You’ve probably heard your grandparent or an uncle tell you something like, “it burns because it’s working.” But when it comes to something like mouthwash, is it supposed to burn? Why does mouthwash burn anyway, and is it a bad thing that it does?
There are a couple of reasons why mouthwash burns your mouth. One can be that if there is something like alcohol in the mouthwash, burning tongue/cheeks/lips are a given, especially if the alcohol content is high. Remember, your mouth is covered in mucous membranes that are much more sensitive to the skin on the outside of your body, so it’s extremely susceptible to irritants.
You can technically say that the mouthwash is supposed to burn because of the way it works. But not all burning is normal or good. And not all mouthwashes actually burn.
To a certain extent, it’s normal for mouthwash to burn or sting. Especially if it’s your first time using something with an ingredient like alcohol, chlorhexidine (in prescription mouthwash), or stronger concentrations of essential oils. But when used properly, the stinging should either go away or not be so bad that you can’t handle it.
The three most common reasons why mouthwash burns your mouth is because of the ingredients it uses. These ingredients are what make the rinse effective, but consequently, it’s also what causes them to irritate some people’s mouths.
Alcohol is a natural antiseptic and also helps with maintaining a longer shelf life in products like mouthwash. Unfortunately, it can also cause your mouth to burn whenever you rinse with it, depending on how much there is. Listerine is probably one of the most easily-recognized mouthwash brands that contain alcohol in most of their mouthwash formulas. You can try using different types of commercial mouthwash from the drugstore with and without alcohol to see if certain concentrations bother your mouth more than others. Alcohol tends to dry your mouth out, so if you already have dry mouth (xerostomia), you may want to avoid using it.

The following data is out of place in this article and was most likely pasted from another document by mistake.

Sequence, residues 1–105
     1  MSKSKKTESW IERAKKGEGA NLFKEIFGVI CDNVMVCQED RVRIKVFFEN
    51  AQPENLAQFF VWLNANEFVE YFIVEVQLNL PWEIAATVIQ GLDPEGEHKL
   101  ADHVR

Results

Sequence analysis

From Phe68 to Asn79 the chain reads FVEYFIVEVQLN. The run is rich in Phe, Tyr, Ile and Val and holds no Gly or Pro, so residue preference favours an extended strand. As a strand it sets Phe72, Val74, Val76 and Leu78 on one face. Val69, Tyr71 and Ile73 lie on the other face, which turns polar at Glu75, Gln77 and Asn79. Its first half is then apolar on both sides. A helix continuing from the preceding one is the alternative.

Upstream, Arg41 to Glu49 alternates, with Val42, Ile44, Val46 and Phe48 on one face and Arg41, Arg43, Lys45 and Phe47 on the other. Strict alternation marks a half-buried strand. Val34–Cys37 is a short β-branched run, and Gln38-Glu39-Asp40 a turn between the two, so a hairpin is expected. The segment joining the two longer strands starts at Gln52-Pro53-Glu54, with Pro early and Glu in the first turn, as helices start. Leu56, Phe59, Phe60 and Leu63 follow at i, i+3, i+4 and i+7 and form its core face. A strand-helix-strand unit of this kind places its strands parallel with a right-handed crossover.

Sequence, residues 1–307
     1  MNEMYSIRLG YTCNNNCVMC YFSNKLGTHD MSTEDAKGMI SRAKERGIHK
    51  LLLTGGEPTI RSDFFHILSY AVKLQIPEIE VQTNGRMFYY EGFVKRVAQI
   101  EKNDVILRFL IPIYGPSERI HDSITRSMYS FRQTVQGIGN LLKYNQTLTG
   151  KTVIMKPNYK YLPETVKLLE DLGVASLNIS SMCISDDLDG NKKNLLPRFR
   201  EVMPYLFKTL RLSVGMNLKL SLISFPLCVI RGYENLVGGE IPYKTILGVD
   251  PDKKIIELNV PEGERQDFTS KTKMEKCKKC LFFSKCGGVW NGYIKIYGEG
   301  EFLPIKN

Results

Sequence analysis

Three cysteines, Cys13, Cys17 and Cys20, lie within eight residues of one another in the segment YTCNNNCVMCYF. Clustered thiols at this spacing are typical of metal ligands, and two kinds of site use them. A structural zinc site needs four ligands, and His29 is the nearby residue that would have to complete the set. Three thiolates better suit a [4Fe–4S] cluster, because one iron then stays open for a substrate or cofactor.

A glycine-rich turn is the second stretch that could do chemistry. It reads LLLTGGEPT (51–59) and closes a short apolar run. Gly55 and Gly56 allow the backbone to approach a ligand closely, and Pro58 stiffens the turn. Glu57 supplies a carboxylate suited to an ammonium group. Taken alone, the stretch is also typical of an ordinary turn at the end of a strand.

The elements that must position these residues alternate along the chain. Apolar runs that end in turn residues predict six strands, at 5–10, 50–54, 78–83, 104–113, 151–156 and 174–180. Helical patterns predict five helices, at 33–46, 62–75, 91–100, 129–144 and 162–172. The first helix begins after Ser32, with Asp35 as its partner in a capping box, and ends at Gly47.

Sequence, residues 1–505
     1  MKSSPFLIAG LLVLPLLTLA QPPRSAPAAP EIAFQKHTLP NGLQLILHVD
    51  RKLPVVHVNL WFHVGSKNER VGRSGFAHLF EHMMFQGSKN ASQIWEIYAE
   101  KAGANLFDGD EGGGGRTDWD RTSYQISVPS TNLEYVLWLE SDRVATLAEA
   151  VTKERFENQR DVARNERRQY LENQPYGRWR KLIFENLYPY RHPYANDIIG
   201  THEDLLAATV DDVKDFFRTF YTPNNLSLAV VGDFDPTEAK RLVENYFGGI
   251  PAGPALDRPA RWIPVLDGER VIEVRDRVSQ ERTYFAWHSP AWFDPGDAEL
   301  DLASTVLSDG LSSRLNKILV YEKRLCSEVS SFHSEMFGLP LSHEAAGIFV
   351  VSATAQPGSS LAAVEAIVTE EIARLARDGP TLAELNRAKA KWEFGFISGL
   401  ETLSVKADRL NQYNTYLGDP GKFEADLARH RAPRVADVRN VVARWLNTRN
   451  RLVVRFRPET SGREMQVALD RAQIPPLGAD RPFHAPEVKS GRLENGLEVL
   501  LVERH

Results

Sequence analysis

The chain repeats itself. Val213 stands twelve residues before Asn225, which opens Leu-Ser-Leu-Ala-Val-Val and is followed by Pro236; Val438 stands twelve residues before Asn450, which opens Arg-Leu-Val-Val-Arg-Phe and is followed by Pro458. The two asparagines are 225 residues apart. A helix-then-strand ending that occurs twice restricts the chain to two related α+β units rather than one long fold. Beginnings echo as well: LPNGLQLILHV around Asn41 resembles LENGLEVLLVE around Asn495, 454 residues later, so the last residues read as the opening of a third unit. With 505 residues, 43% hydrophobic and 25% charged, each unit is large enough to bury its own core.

Whenever someone has chronic gum disease and is undergoing a series of deep cleanings, their dentist or periodontist may prescribe a strong therapeutic mouthwash that contains chlorhexidine or “CHX” for short. Peridex and Perioguard are two common examples. These mouthwashes are usually only prescription-strength, but there are some weaker versions available that may be available over the counter, depending on where you live. Chlorhexidine mouthwash can cause some burning when used, but in most cases, it isn’t meant to use any longer than two weeks (because of the tooth stain it tends to cause.)